YiFei YiFei - 1 month ago 5
C++ Question

What's happening when I do new T[1]?

Quick question here:

template <class T>
T* allocate(std::size_t n){
return new T[n];
}


So in the above code, when
n==1
, we're doing
new T[1]
, so I have two worries:

1.I heard that when allocating array, extra memory are used to store the length of the array (unsure though), so would this be malicious when having
new T[1]
a lot, wasting a lot of memory?

2.Should I free this using
delete[]
or simply
delete
?

AnT AnT
Answer
  1. Yes, in a typical implementation when you use new T[n] some extra memory will be required to store the exact length of the array, but only for types with non-trivial destructors.

    E.g. in a typical implementation new int[1] carries no memory overhead compared to new int, but new std::string[1] will carry memory overhead compared to new std::string.

    The extra memory is just an extra size_t field, meaning that percentage-wise it depends on the size of the object you allocated. If sizeof(T) is comparable to sizeof(size_t) the overhead might be considerable.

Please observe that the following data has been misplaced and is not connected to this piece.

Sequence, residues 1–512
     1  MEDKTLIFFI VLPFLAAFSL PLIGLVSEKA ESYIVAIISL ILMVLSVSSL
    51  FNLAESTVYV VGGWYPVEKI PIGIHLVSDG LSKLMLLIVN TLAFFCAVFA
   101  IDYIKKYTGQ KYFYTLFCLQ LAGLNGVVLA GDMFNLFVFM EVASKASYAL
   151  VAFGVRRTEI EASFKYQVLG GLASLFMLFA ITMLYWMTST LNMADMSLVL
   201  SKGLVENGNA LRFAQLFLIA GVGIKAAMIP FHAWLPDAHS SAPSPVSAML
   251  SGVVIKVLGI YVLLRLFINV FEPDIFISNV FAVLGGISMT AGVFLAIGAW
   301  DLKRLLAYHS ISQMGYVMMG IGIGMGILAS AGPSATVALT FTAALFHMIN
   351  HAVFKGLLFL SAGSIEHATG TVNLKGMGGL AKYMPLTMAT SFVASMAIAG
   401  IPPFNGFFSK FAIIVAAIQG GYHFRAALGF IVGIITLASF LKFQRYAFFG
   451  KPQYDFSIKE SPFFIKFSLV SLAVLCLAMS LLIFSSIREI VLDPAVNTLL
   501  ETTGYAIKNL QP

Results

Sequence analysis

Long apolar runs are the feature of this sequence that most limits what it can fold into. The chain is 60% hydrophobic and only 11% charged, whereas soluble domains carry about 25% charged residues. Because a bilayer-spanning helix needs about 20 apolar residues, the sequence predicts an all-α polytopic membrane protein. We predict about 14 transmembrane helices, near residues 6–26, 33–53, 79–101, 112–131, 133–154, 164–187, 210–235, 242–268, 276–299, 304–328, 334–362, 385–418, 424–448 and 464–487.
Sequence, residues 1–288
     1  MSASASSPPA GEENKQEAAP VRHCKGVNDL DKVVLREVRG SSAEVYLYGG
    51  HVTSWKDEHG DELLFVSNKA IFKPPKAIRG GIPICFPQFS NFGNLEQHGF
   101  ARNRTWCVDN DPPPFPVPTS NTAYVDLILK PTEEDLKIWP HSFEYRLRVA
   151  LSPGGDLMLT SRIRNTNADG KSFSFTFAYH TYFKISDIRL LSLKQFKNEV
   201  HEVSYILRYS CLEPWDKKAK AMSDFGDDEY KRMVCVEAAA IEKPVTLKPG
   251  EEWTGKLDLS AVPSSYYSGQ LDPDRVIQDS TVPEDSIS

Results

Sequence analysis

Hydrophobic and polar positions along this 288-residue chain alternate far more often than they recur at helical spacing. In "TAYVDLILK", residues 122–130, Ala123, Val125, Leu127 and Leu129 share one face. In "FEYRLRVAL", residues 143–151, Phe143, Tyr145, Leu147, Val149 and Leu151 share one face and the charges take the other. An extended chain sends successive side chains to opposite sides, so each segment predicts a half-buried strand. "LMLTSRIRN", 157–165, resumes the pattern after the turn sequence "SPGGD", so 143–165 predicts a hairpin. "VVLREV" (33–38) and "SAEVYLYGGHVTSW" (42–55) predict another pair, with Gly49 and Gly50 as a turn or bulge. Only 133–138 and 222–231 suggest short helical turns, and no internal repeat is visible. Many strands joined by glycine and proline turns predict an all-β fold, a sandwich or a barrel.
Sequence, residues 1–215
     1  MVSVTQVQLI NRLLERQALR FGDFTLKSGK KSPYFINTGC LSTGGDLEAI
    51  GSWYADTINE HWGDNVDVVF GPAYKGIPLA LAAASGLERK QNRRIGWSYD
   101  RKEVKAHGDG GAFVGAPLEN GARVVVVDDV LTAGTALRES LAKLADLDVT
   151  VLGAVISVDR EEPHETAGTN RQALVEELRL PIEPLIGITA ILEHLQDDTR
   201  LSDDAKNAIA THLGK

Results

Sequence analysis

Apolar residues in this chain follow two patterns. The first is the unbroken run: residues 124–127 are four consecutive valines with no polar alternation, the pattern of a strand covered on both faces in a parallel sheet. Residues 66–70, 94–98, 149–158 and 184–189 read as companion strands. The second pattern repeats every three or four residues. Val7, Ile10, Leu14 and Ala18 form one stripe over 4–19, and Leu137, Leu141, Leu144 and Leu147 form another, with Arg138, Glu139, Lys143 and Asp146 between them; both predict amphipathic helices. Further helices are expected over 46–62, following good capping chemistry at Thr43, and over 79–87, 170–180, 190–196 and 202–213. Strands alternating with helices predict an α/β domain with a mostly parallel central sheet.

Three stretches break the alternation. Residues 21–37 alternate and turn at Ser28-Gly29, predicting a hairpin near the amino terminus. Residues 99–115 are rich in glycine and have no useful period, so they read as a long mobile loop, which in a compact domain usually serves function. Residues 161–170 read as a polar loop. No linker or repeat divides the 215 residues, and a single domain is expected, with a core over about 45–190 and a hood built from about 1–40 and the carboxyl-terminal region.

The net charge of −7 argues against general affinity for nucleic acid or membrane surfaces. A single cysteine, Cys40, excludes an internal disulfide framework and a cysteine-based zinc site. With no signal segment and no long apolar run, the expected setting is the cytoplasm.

But it all might also depend on the additional details of the implementation-specific memory allocation mechanism.

    In other words, if this a part of application-specific code it makes sense to try it and see whether it has any negative impact on your program's memory consumption. Maybe it is not a problem at all. But if you are writing a generic library, then things like that are worth paying attention to.

  2. Yes, you should use delete [].

Comments